Peter Wallace, managing director EMEA of GumGum, explains how contextual intelligence and creative thinking are paving the way in a bold new age of attention metrics.
Picture this: you’re new in town, and choosing a pub to pass the hours in. One place has half-price drinks and the bar is heaving. You can’t hear yourself think, and it takes half an hour just to elbow your way through the throng and get a pint. The other venue is more relaxed and friendly. It has your favourite IPA on tap and the bar staff has time not only to serve you but also chat a little, and recommend a great restaurant nearby. It’s a no-brainer which one you’d go for.
This scenario is a handy metaphor for how digital content is surfaced in an increasingly noisy sphere. Much like the crowded bar, audiences don’t want to wade their way through a quagmire of banner adverts to access the stories they like. This is especially true if the messaging in question has no relevance to their daily lives or interests.
They’d much rather have the meaningful interaction of that cosy pub: with ad experiences that chime with the content they’re consuming; and campaigns that don’t overwhelm but instead get the balance just right.
The rise of the attention economy
Players across the digital ecosystem have become increasingly aware of this sweet spot, driving a growing interest in attention-based metrics. In today’s multi-channel ad world, ad measurements based on clicks alone are fast becoming redundant. In some emerging ad verticals, e.g. the smart home or OOH advertising, engagement simply cannot be captured by clicks. Even where it can, it’s not a reliable gauge: research shows digital ad effectiveness is often wildly overestimated, with up to 60% of mobile banner ad clicks made by accident.
It’s exactly this fallibility that has prompted IAB UK to launch its National Anti-Click Through Rate Day, urging advertisers and publishers not to be #clickheads by over-emphasising the value of CTR. This kickback has shaped a new wave of attention metrics – designed to understand how much actual attention has been placed on a particular ad unit.
Various businesses have cropped up with different solutions and methodologies here but the underpinning principle is the same. We, as an industry, need a deeper, more authentic understanding of how audiences respond to digital ads, for greater brand resonance.
Contextual as an attention catalyst
The debate around attention metrics coincides with another major shift in digital advertising: the death of the cookie. With third-party targeting fast being phased out, marketers are looking for new, privacy-friendly ways to get brand messages in the right places. Similarly, publishers are in urgent need of avenues to monetize their content without compromising personal data.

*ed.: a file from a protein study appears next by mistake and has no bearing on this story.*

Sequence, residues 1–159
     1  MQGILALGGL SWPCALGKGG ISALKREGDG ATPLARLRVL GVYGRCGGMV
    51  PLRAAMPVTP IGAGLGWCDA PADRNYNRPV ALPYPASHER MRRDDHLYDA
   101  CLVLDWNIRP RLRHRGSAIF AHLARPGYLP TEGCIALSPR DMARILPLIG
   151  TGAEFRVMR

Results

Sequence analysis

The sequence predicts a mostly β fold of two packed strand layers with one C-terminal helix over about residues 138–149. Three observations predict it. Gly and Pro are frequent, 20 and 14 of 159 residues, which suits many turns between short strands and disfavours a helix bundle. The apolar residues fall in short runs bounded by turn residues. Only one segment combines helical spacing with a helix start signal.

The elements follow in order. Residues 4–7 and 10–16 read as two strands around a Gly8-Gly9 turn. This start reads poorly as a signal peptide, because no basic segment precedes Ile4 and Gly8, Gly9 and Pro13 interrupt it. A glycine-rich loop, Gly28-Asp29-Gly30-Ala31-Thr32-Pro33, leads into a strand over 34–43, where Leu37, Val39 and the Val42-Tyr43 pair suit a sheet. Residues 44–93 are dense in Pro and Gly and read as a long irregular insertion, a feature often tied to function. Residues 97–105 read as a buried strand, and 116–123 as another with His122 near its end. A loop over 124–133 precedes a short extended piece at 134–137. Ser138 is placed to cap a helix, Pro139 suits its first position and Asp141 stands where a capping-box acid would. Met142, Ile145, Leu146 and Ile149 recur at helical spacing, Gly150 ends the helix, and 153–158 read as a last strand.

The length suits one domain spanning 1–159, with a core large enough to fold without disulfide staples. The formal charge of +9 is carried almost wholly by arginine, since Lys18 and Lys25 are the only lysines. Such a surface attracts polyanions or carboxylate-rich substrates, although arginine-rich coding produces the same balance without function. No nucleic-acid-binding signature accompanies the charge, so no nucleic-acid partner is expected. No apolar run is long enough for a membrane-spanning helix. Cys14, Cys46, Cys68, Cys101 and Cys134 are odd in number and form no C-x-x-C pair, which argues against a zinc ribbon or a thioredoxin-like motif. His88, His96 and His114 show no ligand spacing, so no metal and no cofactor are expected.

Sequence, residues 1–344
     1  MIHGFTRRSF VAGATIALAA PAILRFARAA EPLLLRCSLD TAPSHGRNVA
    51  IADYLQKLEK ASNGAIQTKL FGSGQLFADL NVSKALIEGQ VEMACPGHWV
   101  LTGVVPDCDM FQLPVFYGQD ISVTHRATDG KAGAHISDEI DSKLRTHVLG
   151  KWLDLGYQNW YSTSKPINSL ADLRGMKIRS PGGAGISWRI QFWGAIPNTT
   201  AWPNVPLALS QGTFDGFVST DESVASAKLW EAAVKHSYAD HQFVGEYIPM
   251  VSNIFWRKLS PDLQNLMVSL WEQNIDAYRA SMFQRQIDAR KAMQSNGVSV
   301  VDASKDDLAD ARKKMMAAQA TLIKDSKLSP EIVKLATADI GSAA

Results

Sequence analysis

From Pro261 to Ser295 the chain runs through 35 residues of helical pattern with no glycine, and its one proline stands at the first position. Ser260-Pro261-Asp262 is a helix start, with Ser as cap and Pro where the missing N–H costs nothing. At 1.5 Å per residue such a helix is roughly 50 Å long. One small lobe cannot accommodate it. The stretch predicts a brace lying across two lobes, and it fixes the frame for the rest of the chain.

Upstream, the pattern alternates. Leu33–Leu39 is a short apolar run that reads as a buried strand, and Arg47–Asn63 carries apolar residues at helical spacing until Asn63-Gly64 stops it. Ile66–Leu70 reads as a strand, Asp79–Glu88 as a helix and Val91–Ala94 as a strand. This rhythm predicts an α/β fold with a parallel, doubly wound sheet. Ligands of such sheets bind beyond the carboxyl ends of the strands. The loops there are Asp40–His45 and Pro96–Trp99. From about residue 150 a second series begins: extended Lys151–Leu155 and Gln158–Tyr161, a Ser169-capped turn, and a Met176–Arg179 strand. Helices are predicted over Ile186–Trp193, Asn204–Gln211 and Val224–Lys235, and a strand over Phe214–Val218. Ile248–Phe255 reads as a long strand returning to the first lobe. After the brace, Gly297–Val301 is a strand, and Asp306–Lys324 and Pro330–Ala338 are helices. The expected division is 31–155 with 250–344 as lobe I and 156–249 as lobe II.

Contextual targeting offers a viable alternative here, using technology to match ads with users based not on behaviour, but instead content context at any moment in time. Not only is this approach watertight when it comes to a new age of global privacy legislation, but it also conveniently dovetails with the groundswell of interest in attention.
Creativity also has a vital role to play. According to recent research carried out by GumGum in partnership with Publicis Groupe, GumGum’s rich media formats drive on average 22x more attention compared to standard IAB formats.
These striking results were generated by attention-based market research company Lumen Research, which measured participants’ eye movements while reading web pages containing standard ad units versus rich media formats. Respondents were then asked about brand awareness, brand perception, and spontaneous and prompted recall.
The same formats were also tested in contextually relevant and non-contextually relevant environments. Again, a clear variable came to light, as contextual targeting drove a 41% increase in spontaneous recall and a 69% increase in prompted recall among exposed participants.
New questions for a new age
The takeaway here is that creativity and contextual targeting can be superpowers of an attention age. Consumers welcome the effort that comes with high-impact ad formats: the ability of brand messaging to stand out from the crowd without being a nuisance by falling back on the same overused, generic techniques.
In the same breath, they also respond more positively to meaningful messaging: i.e. ads that are compatible with the content they are consuming at any one point. This is incisive placement; it adapts to its setting and respects user privacy.
Attention, then, is the golden mantle we should all be attuned to at a time when digital consumers are routinely overserved and showing signs of content fatigue. Yet this new media currency – an “attentive CPM”, if you will – needs to be better understood before we can embrace it wholesale.
At the moment, there is no single definition of how attention is measured. Standardising this will allow advertisers to physically trade on the currency of attention at the platform level, with set pricing values. These, in turn, should take into account the broad range of factors that impact attention, from format and targeting to the environment.
Once these challenges have been met, it’s my hope that we can evolve into a new attention-led space, where brands are tempted away from the age-old comforts of CPM buying and meaningful engagement outweighs the number of ads on-page. This will create a lasting framework for the kind of accessible, memorable user experience that allows advertisers and consumers alike to have their pint and drink it.